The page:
To take a tincture sublingually, drop the desired dosage under your tongue and hold it for 30 seconds before swallowing. This method will produce quicker and stronger effects because the medicine is absorbed into the bloodstream through the inner linings of the mouth.

You can take cannabis tinctures orally by adding a few drops to a beverage such as soda, juice or a mocktail. Alternatively, you can also swallow the tincture on its own like you would any liquid medicine.

When you take a tincture orally rather than sublingually, it must be absorbed through the digestive system, so it will take longer to feel the effects. Tinctures that are taken orally have a similar effect as edibles and can take up to an hour to start working.

Tinctures can also be combined with food to make a tincture edible. The difference between a tincture edible and a fat-based edible is that the latter is harder to dose and can produce a longer, more intense high. If you consume a tincture mixed with food, it will take the digestive system more time to absorb the medicine than if you took the tincture sublingually.

Cannabis tinctures may be added to a variety of foods such as puddings, ice creams, dressings and sauces.

The Best Cannabis Tincture Recipes

(Photo: Honest Marijuana)

There are many advantages to taking cannabis tinctures, with a major one being how easy they are to make at home. You can make your own cannabis tincture by following the recipes below.

While there are many different recipes out there, we’ve curated the most popular ones for you to try.

How To Decarboxylate Cannabis

When preparing a cannabis tincture, you must decarboxylate (or ‘decarb’) your plant material as a separate preparation step. Decarboxylation is the process of heating cannabis to activate the compounds in the plant.

Specifically, this will convert THCA into THC and allow you to experience the typical effects of cannabis. If you choose to skip this step, your tincture will mostly contain THCA, which is non-psychoactive and won’t get you high.

Ground cannabis bud, flower or trim

Baking sheet
Parchment paper

1. Grind cannabis thoroughly.
2. Preheat oven to 250°F.
3. Line baking sheet with parchment paper (optional).
4. Spread out cannabis in a thin, even layer on baking sheet.
5. Place baking sheet in oven for 20-30 minutes.
6. Remove from oven and let cool.

(Check out our step-by-step guide on how to decarboxylate cannabis)

Cannabis Tincture Recipe — Traditional Cold Method

The cold method of making a cannabis tincture is quick and requires the mixture to sit in the freezer for only two days. However, some people choose to leave the mixture for longer (up to 5 days) to increase the tincture’s potency.

1 oz. decarbed, ground cannabis bud
1 quart high-proof alcohol, such as Everclear or 151 proof rum

Mason jar (1 quart)
Cheesecloth or mesh strainer

1. Place decarbed cannabis into mason jar and fill with alcohol, leaving about 1 inch at the top.
2. Close the lid tightly and shake for a few minutes.
3. Place the jar in the freezer for 2-5 days. The longer the mixture is left, the stronger it will be.
4. Remove the jar from the freezer once or twice a day and shake vigorously before returning it to the freezer.
5. After desired amount of time, strain the mixture into a bowl.
6. Store the tincture in a dark dropper bottle and keep in a cool, dark place, such as the refrigerator.

(Recipe adapted from Eat Your Cannabis)

Cannabis Tincture Recipe — Traditional Warm Method

The warm method of making a cannabis tincture is similar to the cold method with the exception that it must sit for at least 30 days at room temperature.

1 oz. decarbed, ground cannabis bud
1 quart high-proof alcohol, such as Everclear or 151 proof rum

Mason jar (1 quart)
Cheesecloth or mesh strainer

1. Mix the decarbed cannabis and alcohol in a mason jar, leaving about 1 inch at the top. Close jar and shake well.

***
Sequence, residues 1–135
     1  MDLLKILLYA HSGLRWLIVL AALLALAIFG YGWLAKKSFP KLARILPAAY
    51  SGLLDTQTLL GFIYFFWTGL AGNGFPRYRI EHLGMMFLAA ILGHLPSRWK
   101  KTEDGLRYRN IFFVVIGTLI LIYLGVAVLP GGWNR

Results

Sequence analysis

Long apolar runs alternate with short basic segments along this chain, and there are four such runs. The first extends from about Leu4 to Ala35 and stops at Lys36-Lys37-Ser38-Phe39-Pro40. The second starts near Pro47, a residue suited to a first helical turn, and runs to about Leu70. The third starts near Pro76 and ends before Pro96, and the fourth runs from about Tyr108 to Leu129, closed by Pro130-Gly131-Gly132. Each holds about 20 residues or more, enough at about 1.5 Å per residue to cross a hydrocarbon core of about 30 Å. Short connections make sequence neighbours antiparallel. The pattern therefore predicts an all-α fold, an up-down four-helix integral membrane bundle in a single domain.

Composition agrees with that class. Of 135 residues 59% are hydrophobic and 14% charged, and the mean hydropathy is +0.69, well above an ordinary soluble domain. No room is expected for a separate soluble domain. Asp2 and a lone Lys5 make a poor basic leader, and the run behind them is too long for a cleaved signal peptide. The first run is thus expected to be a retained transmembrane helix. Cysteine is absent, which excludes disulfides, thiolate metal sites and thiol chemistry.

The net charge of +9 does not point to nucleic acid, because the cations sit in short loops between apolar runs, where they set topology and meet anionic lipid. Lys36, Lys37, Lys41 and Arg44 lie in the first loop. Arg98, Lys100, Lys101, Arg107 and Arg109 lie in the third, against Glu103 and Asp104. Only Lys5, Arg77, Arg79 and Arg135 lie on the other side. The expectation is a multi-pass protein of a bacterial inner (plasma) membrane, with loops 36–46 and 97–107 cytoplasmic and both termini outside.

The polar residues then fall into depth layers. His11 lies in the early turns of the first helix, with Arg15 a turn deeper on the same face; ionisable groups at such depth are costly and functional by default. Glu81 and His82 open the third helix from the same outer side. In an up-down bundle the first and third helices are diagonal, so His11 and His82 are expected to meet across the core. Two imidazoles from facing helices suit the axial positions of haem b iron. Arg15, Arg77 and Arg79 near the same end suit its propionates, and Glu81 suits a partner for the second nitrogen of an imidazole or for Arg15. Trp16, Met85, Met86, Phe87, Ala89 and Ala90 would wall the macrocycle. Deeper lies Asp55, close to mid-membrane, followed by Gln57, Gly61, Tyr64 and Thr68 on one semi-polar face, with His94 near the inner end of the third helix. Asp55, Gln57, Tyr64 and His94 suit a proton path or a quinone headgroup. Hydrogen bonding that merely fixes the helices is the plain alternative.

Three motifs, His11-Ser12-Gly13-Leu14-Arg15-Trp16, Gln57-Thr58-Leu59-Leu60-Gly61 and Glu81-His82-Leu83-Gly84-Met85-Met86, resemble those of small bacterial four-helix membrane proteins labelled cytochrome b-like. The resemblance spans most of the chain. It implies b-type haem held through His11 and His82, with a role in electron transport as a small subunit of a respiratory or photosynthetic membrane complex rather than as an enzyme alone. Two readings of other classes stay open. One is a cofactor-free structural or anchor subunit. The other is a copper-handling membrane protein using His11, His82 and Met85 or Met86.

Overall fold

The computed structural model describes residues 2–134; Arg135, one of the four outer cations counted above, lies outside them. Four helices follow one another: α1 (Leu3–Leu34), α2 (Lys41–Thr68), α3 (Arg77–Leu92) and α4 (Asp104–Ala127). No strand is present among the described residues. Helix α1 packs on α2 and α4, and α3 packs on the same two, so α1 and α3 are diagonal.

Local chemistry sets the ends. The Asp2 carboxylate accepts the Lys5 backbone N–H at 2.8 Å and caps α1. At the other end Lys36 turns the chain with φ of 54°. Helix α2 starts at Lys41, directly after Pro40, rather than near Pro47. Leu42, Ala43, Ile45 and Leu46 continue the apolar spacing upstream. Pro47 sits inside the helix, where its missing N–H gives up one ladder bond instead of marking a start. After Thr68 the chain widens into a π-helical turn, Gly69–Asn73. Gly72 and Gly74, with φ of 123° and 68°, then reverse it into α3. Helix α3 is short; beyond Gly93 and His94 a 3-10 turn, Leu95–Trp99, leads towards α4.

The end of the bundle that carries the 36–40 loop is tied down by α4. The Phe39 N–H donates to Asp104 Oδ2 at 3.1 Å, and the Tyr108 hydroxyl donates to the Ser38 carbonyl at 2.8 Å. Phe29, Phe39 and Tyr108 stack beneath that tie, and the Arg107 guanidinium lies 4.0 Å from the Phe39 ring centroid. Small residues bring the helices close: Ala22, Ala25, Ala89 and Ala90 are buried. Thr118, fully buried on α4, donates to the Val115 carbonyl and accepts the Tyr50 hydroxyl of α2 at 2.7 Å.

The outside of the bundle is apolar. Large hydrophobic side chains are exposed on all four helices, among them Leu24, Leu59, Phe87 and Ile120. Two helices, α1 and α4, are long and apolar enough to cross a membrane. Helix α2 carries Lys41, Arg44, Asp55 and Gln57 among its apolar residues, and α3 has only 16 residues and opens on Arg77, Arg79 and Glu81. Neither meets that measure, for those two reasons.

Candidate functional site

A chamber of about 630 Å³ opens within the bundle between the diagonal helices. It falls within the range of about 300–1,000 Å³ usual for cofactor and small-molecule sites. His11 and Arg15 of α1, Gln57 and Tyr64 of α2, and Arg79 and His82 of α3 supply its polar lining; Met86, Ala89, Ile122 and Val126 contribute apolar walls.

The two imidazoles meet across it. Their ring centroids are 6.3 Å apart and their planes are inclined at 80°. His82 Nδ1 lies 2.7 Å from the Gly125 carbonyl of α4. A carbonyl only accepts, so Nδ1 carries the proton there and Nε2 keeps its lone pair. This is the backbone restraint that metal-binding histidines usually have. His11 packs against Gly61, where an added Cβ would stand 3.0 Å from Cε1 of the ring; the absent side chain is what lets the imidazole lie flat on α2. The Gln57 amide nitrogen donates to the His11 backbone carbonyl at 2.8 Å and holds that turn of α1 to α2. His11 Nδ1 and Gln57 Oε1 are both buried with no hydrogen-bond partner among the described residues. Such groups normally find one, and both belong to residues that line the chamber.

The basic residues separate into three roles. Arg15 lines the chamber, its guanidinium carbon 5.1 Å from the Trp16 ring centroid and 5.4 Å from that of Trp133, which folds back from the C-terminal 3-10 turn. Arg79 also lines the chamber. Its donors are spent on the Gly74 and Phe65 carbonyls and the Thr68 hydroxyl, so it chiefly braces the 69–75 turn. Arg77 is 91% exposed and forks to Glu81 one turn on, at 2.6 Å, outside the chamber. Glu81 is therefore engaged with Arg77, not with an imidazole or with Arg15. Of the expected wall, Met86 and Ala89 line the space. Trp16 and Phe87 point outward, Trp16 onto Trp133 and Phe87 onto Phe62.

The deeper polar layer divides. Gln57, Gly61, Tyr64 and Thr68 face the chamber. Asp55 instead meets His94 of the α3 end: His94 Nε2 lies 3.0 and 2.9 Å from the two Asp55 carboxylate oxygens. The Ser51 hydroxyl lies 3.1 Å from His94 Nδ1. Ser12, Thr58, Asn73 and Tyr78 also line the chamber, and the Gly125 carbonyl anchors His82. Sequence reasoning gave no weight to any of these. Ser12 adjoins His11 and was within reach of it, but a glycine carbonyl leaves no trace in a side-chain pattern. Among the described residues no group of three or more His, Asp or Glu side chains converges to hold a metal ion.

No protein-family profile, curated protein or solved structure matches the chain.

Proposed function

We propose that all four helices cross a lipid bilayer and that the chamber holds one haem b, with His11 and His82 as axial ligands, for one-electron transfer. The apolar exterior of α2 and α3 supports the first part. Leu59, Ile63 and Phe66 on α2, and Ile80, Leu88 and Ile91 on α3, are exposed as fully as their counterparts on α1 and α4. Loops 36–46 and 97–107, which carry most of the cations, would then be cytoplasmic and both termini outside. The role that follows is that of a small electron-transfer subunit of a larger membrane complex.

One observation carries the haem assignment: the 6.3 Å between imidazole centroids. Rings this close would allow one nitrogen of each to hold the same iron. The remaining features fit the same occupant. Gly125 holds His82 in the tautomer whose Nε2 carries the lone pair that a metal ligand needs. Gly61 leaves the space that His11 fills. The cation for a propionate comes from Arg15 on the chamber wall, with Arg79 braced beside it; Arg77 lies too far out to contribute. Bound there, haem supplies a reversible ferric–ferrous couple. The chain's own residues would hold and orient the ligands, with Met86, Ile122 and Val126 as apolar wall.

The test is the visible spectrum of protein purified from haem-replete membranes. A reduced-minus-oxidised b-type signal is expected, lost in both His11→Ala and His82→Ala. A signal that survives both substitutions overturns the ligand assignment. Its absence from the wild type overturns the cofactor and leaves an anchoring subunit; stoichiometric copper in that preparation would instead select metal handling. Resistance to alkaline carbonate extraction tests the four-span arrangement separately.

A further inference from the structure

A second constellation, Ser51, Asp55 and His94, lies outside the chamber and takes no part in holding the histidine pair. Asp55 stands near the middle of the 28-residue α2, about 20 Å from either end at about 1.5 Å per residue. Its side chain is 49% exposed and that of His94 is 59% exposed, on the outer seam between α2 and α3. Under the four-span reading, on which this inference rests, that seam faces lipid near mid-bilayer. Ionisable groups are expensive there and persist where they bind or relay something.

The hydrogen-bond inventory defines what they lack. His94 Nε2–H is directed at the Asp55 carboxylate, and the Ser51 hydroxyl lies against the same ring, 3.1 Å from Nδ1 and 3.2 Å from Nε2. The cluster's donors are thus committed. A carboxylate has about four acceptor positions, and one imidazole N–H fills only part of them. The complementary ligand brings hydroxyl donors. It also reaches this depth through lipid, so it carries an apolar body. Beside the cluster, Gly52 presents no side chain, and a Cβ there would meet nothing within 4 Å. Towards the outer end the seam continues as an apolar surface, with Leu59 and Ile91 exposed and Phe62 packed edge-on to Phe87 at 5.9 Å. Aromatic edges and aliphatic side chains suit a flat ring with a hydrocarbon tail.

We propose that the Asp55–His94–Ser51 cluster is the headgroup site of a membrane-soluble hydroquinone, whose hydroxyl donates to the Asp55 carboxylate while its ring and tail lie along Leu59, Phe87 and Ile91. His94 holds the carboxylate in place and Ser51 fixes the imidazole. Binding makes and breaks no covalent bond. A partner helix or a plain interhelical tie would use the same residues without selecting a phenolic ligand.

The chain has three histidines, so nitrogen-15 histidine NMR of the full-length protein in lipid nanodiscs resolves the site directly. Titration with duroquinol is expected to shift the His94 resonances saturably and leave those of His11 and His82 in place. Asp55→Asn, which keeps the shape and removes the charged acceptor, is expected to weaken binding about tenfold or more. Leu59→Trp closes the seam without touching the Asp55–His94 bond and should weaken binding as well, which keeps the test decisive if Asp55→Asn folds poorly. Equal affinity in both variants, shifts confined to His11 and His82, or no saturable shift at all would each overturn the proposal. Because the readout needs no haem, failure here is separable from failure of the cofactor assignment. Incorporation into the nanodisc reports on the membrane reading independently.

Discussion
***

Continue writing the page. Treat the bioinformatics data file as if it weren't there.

2. Store the mixture in a dry spot without any sunlight. Leave for 30-60 days and shake once a day. The longer the mixture is left, the stronger it will be.
3. After desired amount of time, strain the mixture into a bowl.
4. Store the tincture in a dark dropper bottle and keep in a cool, dark place, such as the refrigerator.

(Recipe adapted from

Cannabis Tincture Recipe — Hot Method (Green Dragon)

The hot method is the quickest way to make a cannabis tincture because the cannabis doesn’t need to sit for days. Heating the mixture over a stove speeds up the extraction process, allowing you to make a tincture in less than an hour.

1/8 oz. decarbed, ground cannabis bud
2 oz. of high-proof alcohol, such as Everclear or 151 proof rum

Small mason jar (1 pint)
Cooking thermometer
Cheesecloth or mesh strainer

1. Mix the decarbed cannabis and alcohol in a mason jar. Do not cover jar.
2. Place the uncovered jar in a saucepan with about 1 inch of water. Bring water to a low boil.
3. Let the saucepan simmer for 20 minutes while keeping the contents of the jar at a temperature of 160-170°F. Use a cooking thermometer to check the temperature of the alcohol in the jar. Make sure the alcohol mixture does not surpass 170°F.
4. After 20 minutes, shut off heat and let cool.
5. Remove jar from saucepan and strain into a bowl.
6. Store the tincture in a dark dropper bottle and keep in a cool, dark place, such as the refrigerator.

(Recipe adapted from Patients for Medical Cannabis)

Cannabis Tincture Recipe — Vegetable Glycerin Method

Some people opt to make tinctures with glycerin rather than alcohol. Glycerin tinctures are a good option if you want to avoid the negative health effects of alcohol.

However, people have differing opinions about the safety of glycerin since it’s often made with genetically modified corn. If you choose to make a cannabis tincture using the glycerin method, consider using organic vegetable glycerin.

Note: Tinctures made with this method have a shorter shelf life of about a year.

1/2 oz. decarbed, ground cannabis bud
2 cups vegetable glycerin

Mason jar
Slow cooker
Cheesecloth or mesh strainer

1. Combine cannabis and glycerin in a mason jar. Close jar and shake vigorously until contents are mixed.
2. Line a slow cooker with a towel and fill halfway with water.
3. Place the jar in the slow cooker on low heat and let sit for 24 hours.
4. Using oven mitts, remove and shake the mixture several times during the 24 hours.
5. After 24 hours, carefully remove the jar and let cool.
6. Strain the mixture into a bowl.
7. Store the tincture in a dark dropper bottle and keep in a cool, dark place, such as the refrigerator.

(Recipe adapted from